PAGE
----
Lawmakers will return to the State Capitol for the annual fall “veto session,” and are expected to either take up votes to override or accept a number of vetoes to legislation issued by Gov. Rauner.
Dozens of measures were vetoed by the Governor, covering a wide variety of issues, from the creation of a state-operated workers’ compensation insurance provider to a bill that would prohibit employers from requiring information about a job applicant’s previous salary, and an unfunded mandate requiring that cursive writing be taught in Illinois schools.
If three-fifths of the members in each chamber vote to override the veto, then the legislation becomes law. However, legislative action during veto session isn’t limited to vetoes, giving lawmakers an opportunity to act on other pressing issues prior to returning for the spring 2018 legislative session.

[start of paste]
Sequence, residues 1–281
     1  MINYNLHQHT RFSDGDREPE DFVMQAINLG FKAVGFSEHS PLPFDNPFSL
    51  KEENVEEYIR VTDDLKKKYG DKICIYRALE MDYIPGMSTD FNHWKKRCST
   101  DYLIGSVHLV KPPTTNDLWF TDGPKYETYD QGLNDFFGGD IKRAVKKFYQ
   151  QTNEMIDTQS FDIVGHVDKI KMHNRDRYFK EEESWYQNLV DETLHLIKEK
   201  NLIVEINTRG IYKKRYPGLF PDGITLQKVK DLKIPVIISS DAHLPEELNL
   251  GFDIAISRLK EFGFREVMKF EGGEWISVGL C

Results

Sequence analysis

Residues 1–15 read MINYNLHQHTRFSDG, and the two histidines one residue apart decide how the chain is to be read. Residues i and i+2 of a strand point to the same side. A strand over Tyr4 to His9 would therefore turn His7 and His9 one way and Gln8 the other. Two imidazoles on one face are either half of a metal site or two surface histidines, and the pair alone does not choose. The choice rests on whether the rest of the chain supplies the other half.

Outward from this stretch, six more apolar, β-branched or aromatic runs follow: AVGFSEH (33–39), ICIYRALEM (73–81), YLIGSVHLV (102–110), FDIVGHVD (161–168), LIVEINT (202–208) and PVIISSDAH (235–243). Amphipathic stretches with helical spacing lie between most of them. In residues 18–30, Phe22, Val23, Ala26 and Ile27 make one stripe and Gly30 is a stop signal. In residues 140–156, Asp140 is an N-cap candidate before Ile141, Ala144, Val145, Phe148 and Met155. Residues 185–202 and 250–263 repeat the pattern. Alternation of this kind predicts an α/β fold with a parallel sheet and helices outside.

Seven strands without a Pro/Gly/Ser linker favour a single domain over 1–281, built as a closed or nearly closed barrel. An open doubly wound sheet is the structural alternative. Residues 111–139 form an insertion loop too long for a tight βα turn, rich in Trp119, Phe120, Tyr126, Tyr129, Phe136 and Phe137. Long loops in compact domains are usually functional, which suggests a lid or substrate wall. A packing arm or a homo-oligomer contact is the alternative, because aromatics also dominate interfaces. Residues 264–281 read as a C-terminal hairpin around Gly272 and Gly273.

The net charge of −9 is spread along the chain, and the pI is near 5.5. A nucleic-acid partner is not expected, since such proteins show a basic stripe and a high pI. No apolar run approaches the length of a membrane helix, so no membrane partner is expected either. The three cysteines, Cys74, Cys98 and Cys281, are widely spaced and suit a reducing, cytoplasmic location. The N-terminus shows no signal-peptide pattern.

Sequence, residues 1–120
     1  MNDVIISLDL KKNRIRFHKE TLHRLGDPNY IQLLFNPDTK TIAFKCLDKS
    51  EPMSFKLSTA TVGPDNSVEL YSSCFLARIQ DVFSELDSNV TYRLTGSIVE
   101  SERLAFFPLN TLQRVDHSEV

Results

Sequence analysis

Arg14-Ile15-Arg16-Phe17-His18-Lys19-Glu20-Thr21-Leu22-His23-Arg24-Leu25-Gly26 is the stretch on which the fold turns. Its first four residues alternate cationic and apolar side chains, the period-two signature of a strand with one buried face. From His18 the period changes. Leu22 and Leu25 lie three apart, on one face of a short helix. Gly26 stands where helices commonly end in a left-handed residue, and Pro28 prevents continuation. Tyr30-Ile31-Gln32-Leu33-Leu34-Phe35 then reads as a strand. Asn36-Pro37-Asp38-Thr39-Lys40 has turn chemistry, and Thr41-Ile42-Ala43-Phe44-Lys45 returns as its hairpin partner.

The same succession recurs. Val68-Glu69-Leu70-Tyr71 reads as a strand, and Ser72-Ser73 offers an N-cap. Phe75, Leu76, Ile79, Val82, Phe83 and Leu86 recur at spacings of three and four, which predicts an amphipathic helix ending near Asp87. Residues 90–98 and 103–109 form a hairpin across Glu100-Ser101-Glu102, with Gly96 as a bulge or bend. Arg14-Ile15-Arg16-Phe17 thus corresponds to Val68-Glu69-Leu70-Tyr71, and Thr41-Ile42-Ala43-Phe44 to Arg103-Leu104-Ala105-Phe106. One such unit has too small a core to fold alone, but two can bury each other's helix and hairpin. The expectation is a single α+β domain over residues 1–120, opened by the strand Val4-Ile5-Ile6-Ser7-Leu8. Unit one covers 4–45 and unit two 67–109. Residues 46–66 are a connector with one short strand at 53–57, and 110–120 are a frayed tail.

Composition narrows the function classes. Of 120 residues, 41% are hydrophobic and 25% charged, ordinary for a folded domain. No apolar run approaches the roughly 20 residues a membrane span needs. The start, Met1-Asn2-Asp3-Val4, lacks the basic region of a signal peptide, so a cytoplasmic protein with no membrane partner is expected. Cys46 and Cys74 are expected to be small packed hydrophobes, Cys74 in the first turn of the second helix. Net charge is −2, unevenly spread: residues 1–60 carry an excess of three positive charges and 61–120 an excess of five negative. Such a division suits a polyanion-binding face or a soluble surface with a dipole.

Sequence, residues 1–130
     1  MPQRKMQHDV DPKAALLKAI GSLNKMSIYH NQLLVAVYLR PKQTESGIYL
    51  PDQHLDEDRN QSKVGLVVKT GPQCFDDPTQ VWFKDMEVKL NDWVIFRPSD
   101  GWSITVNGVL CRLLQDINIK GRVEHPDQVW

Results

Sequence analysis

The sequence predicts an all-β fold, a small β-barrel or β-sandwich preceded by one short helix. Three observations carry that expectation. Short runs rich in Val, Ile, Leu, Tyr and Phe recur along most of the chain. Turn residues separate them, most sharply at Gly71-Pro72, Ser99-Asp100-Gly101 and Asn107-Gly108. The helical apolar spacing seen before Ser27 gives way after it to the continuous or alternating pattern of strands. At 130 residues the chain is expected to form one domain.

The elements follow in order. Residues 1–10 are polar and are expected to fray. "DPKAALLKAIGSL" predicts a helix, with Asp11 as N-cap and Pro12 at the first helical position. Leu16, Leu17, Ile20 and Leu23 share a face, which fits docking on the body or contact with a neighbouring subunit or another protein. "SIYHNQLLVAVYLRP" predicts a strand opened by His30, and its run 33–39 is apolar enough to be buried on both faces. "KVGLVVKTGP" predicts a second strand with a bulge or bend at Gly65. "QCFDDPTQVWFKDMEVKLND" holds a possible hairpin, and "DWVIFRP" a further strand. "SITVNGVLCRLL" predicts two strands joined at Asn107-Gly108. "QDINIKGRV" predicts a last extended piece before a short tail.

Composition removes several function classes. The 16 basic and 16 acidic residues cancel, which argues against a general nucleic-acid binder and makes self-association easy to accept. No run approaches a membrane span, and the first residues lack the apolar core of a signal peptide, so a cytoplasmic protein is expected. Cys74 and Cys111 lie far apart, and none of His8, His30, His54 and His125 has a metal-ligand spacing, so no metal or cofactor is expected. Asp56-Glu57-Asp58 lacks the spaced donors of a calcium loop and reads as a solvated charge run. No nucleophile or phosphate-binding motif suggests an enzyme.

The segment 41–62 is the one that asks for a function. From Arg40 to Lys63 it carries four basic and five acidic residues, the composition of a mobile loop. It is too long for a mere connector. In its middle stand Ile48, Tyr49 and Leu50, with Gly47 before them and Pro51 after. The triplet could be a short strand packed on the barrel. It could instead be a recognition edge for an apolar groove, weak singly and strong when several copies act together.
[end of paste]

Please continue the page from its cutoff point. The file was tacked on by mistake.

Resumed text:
Legislators may also take action on a number of recently introduced or amended bills. Lawmakers could hear testimony or vote on a number of bills that would ban bump stocks for semi-automatic rifles, legislation introduced following the recent tragedy in Las Vegas. Another bill is designed to bring Illinois into compliance with FAA rules that require that all aviation fuel tax revenue is to be used for airport purposes. If Illinois is not in compliance by Dec. 8, 2018, the state could face expensive fines from the federal government.